As a registered charity our aim is to recruit, train and support volunteers who will visit blind and partially sighted people in their homes. Through this, as a team, we are able to enhance the quality of their lives and offer the much-appreciated support of someone who understands their sight loss.
The circumstance of each client varies. Some may live alone, some with other family members or in sheltered accommodation. The majority of Homecall clients are in the 85+-age bracket.
The amount and type of visual impairment varies from one client to another. Some may need help with tasks made difficult by loss of central vision, such as reading and writing whilst others may have problems with loss of wider vision, such as getting out and about. Many find themselves isolated by their loss of sight and for them the priority may be companionship. The opportunities to help are many and varied;the Scheme Manager will discuss the needs of your client with you and the ways in which you may be able to assist.
One of the Scheme Manager’s tasks is to match requests for help with those available to give it. Each volunteer comes to us with different skills, interests and time available. It is her role to ensure you are well supported and that no one takes on more than they feel comfortable with. The most important quality required of a visitor is the willingness to help others whilst understanding their need to remain independent.
Each visitor is required to offer one hour a week visiting time. Once again, the Scheme Manager will discuss this with you, as the duration and frequency of visits may vary. The flexibility of home visiting makes it easy to fit in with other commitments.
You do not need previous experience of sight loss, home visiting or voluntary work. We provide training that covers visual impairment, confidentiality, sighted guiding techniques and the role of a visitor.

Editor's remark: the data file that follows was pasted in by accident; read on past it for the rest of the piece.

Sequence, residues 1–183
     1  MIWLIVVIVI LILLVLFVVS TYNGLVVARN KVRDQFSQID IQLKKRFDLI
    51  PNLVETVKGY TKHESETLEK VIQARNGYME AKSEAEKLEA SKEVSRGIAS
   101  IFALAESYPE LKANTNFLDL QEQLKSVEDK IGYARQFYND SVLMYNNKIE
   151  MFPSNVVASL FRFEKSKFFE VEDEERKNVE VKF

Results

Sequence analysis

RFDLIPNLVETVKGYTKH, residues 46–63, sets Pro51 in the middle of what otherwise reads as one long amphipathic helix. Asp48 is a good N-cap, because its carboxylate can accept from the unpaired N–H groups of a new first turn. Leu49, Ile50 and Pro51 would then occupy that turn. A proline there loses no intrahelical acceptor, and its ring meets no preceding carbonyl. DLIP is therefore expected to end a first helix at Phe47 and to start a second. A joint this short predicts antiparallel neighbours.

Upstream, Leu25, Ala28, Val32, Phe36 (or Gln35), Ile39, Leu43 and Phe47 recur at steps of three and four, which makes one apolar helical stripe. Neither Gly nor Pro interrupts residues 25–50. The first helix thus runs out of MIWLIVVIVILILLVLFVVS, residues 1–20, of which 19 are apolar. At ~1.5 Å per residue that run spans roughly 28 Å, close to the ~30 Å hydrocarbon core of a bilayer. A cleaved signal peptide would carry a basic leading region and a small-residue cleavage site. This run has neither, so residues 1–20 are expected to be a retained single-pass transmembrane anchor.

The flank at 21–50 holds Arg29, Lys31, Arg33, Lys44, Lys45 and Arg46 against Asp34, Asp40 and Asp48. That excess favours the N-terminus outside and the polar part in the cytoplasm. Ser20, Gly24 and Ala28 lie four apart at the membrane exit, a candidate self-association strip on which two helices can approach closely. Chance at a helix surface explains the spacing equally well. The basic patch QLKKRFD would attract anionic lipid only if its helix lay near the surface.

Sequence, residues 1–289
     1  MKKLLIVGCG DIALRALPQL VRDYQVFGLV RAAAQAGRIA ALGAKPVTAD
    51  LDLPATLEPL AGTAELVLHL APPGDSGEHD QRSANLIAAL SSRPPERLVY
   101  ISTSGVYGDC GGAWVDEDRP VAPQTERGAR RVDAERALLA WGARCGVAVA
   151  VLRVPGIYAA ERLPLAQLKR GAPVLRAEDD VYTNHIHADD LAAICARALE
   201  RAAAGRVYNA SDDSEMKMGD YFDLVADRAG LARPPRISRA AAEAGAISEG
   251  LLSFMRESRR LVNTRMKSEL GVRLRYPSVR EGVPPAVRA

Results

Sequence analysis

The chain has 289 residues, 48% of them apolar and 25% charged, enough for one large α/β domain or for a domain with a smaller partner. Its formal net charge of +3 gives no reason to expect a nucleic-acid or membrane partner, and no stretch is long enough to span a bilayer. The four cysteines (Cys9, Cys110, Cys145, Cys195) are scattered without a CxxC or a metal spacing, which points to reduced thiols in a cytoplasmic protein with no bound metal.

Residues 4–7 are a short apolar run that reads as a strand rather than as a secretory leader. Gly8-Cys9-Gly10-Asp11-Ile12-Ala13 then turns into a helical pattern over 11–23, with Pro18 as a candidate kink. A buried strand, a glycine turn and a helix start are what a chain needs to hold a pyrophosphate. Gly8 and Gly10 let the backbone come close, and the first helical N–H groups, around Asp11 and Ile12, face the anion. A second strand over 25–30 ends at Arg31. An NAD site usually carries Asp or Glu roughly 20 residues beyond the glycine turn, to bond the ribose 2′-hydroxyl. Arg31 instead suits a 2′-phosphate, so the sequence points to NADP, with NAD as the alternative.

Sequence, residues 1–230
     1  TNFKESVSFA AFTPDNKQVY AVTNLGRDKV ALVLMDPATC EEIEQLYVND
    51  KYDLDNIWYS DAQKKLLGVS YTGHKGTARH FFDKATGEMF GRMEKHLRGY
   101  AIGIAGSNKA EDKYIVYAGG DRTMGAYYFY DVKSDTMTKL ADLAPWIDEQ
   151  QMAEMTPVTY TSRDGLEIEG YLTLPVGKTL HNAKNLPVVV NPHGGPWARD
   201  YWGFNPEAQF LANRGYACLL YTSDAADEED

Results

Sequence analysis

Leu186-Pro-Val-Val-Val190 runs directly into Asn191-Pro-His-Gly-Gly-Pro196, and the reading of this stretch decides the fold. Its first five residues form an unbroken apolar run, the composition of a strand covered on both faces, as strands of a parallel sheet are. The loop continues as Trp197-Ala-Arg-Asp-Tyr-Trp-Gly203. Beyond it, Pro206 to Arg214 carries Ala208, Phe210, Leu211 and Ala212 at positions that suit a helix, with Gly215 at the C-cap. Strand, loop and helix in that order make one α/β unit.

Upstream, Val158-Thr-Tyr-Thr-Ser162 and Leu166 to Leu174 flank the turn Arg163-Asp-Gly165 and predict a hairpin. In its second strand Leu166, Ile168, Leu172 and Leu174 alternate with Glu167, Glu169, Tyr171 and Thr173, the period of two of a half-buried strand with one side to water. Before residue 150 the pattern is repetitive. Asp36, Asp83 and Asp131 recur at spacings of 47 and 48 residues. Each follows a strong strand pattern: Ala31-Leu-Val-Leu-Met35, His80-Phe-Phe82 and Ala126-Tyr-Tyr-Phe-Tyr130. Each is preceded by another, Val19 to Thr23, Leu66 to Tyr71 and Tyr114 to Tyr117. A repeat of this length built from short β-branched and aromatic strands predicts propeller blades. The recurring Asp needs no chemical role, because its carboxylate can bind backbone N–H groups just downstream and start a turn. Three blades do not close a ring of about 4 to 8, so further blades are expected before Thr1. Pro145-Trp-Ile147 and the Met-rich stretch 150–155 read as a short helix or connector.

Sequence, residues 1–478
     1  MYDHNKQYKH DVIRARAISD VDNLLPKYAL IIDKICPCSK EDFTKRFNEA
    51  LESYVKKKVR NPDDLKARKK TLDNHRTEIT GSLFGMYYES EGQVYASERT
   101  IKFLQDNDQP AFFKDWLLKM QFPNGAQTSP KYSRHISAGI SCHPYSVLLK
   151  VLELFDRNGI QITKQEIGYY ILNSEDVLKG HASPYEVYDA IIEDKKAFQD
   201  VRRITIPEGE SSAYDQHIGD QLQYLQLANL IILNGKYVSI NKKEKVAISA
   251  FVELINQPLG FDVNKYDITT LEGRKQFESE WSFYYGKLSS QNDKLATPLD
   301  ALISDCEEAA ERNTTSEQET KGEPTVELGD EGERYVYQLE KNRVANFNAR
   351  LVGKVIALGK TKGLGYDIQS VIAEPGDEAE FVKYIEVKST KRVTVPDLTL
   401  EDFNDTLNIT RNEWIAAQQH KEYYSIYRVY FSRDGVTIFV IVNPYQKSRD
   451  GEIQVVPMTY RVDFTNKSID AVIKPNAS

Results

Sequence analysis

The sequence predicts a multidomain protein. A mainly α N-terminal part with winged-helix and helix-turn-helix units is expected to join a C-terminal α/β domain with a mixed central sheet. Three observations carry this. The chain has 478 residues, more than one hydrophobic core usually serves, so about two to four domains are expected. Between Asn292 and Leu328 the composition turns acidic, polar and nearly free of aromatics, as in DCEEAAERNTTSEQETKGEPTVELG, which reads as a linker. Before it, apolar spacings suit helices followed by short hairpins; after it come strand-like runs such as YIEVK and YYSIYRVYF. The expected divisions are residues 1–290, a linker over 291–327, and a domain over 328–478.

Please contact the Scheme Manager whose details can be found on the Contacts page. You will be asked to complete an application form and either return it using the SAE provided or give it to the Scheme Manager as arranged. It asks questions designed to learn a little about you and your circumstances. We will ask for two references from people who can vouch for you, and take details in order to make a CRB (Criminal Records Bureau) check. This is standard procedure used to protect a potentially vulnerable client group.
You will meet the Scheme Manager who will talk over the scheme with you, explain any further points and decide with you how you can best be of help. You will then be asked to come to an informal training session that will also give you an opportunity to meet other local volunteers. As soon as the Scheme Manager has a client for you to visit, she will arrange to introduce you both.
The work is rewarding and enjoyable for the visitors, and they often develop a close friendship with their client. The chance to visit is open to everyone over 18 years of age, and everyone who has an hour to spare has something valuable to offer.
Once matched, you can of course contact the Scheme Manager for advice or help at any time and, similarly, they will contact you regularly to ensure all is going well. We also organise occasional meetings when visitors are able to meet one another informally and at which the Scheme Manager can provide support, information and advice.
You will be reimbursed for any out of pocket expenses incurred including 45p per mile for petrol used.
We hope these notes help you to understand the scheme. If you are sure you would like to help but are not sure how, please feel free to ’phone the Scheme Manager for an informal chat or visit. We have endeavoured to keep the arrangements as simple as possible. At the same time, we need to ensure they are designed to enable an efficient and caring scheme providing the best possible service to people who are blind and partially sighted.
Homecall has an equal opportunities policy, public liability insurance cover and issues health and safety guidelines.
Volunteers who have completed five, ten, fifteen or twenty year's long service are recognised annually. A certificate and a badge, appropriate to the length of service, is presented to them following the Annual General Meeting. Longer service than this will be recognised in due course should a volunteer reach the twenty five year milestone.